“Mommy are we poor?”
My husband and I told our three children last night that we need to downsize to a smaller home and are selling our home. My younger child asked, “Mommy, are we poor?” Looking around the family room at our large screen HDTV, Wii, X-Box, healthy collection of video games, movies, music and oversized L-shape couch, one would think not. The truth is, we are living beyond our means. We are house poor and broke every month with a $2,500 monthly mortgage payment. We are late on every loan payment. Our CPA has advised us to short sell our home.
Downsizing is the best solution for us. We are moving to an affordable rental and plan to file bankruptcy once the short sale is complete. We are still young, our children are still young and we feel certain that a fresh financial start is in the near future.
A dream come true?
An ambitious, self-employed techno geek, I moved here from California to avoid state income tax. The local chamber of commerce soon provided me with the information I needed to introduce myself to every new business in town. Soon, I had to hire a staff to keep up with customer demands.
In 2005, I drove by a builder sales office and saw a huge line of people wrapped around the building. Curious, I stopped and went inside to check out the sales model. I couldn’t believe the large price tag! Nevertheless, what attracted me most was the floor plan, which offered a large walk-out basement, meaning I could work out of the basement and avoid office rent. I got excited about the idea and put my name on a long waiting list for the very expensive home.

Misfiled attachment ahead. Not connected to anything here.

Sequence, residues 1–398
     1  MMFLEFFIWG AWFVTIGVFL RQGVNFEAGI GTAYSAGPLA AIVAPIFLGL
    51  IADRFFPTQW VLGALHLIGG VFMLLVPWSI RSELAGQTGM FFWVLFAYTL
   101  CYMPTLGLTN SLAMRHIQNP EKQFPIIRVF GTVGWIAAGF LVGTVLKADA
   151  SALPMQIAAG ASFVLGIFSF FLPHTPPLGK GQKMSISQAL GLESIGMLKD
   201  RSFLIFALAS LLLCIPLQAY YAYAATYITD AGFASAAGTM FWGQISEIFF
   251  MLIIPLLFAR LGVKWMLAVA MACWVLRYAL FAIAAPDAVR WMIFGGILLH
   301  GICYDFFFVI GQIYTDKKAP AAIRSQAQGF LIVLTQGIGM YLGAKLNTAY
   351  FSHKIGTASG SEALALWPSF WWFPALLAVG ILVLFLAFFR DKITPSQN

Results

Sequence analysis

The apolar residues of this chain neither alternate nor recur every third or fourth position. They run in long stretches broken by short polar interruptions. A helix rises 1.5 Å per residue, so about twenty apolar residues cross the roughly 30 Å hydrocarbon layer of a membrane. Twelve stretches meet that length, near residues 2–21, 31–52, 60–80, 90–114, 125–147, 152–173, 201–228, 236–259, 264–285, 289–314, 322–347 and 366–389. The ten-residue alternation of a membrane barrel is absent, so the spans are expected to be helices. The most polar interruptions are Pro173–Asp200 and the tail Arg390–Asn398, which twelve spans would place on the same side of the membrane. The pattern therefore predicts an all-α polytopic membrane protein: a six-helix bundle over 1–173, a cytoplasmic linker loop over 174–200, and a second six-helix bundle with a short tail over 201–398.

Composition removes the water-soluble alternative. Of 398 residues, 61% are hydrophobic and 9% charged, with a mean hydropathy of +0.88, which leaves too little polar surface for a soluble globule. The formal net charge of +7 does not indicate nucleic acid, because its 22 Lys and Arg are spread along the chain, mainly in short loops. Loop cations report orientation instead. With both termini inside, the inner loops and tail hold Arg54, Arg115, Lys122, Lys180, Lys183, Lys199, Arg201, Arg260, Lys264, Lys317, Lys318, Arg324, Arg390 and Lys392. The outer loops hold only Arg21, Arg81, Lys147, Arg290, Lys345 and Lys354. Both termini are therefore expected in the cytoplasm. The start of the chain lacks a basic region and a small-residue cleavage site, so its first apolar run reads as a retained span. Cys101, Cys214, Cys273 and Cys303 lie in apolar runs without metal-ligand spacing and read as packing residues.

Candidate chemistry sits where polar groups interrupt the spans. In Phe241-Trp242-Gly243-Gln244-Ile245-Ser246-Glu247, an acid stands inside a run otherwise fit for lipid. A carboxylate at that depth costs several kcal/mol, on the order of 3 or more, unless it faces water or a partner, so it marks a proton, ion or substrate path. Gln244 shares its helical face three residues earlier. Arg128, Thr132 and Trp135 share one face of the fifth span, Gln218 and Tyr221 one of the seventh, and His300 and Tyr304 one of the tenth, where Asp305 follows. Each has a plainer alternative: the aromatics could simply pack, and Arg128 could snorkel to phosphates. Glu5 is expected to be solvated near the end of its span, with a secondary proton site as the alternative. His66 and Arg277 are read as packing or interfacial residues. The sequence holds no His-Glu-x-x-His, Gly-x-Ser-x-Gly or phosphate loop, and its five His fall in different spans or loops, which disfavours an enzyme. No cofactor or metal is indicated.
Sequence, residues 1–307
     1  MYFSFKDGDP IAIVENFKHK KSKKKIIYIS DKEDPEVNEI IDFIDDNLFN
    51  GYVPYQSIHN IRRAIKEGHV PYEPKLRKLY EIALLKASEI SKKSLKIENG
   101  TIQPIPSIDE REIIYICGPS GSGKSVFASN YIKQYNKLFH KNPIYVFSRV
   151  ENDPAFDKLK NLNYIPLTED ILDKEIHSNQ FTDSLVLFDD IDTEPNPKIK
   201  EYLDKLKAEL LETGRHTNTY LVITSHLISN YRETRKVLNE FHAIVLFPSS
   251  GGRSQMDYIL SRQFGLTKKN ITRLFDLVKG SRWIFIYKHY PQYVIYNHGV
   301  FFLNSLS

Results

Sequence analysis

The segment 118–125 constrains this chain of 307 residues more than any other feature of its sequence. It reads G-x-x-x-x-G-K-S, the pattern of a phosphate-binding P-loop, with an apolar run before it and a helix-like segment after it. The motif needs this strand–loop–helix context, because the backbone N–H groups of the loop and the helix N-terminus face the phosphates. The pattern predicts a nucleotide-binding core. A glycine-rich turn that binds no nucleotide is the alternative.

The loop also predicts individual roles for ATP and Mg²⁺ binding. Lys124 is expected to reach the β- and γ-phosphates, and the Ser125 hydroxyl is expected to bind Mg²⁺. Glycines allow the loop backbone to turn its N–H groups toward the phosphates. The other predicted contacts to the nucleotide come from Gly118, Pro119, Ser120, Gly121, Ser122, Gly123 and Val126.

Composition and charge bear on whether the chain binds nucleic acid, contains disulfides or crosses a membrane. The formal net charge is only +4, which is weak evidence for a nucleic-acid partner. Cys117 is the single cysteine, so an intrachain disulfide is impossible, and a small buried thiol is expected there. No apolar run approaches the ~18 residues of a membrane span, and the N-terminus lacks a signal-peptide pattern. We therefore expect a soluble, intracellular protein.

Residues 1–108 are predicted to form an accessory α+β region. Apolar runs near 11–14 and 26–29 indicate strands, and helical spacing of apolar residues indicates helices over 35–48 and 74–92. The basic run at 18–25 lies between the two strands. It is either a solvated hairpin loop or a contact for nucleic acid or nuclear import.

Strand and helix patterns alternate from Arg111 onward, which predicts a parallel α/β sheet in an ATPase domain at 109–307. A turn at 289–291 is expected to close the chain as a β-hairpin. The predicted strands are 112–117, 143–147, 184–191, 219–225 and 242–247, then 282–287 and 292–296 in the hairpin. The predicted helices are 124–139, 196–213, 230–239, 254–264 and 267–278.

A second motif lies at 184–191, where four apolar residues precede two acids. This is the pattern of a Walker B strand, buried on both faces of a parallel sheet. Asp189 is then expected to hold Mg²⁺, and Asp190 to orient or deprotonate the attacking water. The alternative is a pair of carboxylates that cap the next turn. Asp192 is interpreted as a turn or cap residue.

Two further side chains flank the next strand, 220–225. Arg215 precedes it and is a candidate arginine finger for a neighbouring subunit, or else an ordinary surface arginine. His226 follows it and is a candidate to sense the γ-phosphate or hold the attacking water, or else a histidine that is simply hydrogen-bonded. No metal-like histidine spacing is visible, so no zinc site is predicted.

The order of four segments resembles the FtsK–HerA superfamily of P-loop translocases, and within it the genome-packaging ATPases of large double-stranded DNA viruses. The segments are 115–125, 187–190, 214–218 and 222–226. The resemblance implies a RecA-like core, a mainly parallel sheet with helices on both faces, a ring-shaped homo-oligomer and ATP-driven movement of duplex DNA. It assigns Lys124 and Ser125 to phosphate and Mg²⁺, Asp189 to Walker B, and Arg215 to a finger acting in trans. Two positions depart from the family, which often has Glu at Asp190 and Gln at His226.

A few short months later, the builder drew my name in the weekly lottery. I drove as fast as I could to the sales office to pick out colors, elevation plan, etc. I could not believe my good luck — a beautiful new home with a low, interest-only payment for the next two years.
The dream only lasted from 2005 to 2007. Starting in the summer of 2008, one by one mys clients started to need my services less and less, telling me, that budget cuts were coming by December of 2008, I had laid off most of my employees. My interest-only mortgage had gone up substantially and it became harder and harder to stay afloat financially. By December 2010, with barely a handful of paying business clients, I could no longer make the high mortgage payment.
Downsizing is no longer an option. I had to make a choice between keeping my home or keeping my business. I have since short sold my home and personal vehicle, but kept the business. I now live in a small apartment and look forward to owning a home again, but this time a smaller more affordable one.
Empty nest, free birds
After 35 years of home ownership, our children have long since left to attend college, found great jobs and started families of their own. We’ve started to talk about getting rid of this big house and using the profit to get something cozier. We’d like to be able to travel to see our children and grandchildren without being tied down. But the question is, in this economy, can we sell our big empty nest?
Yes we can! Downsizing was definitely the answer. We found a luxury assisted-living apartment closer to downtown and things started rolling — square dancing, ice cream socials and vanpool trips to Lake Tahoe. We have no regrets. In fact, we have booked roundtrip tickets to visit all our children in the next 12 months. This downsizing decision has turned out great and we are free birds.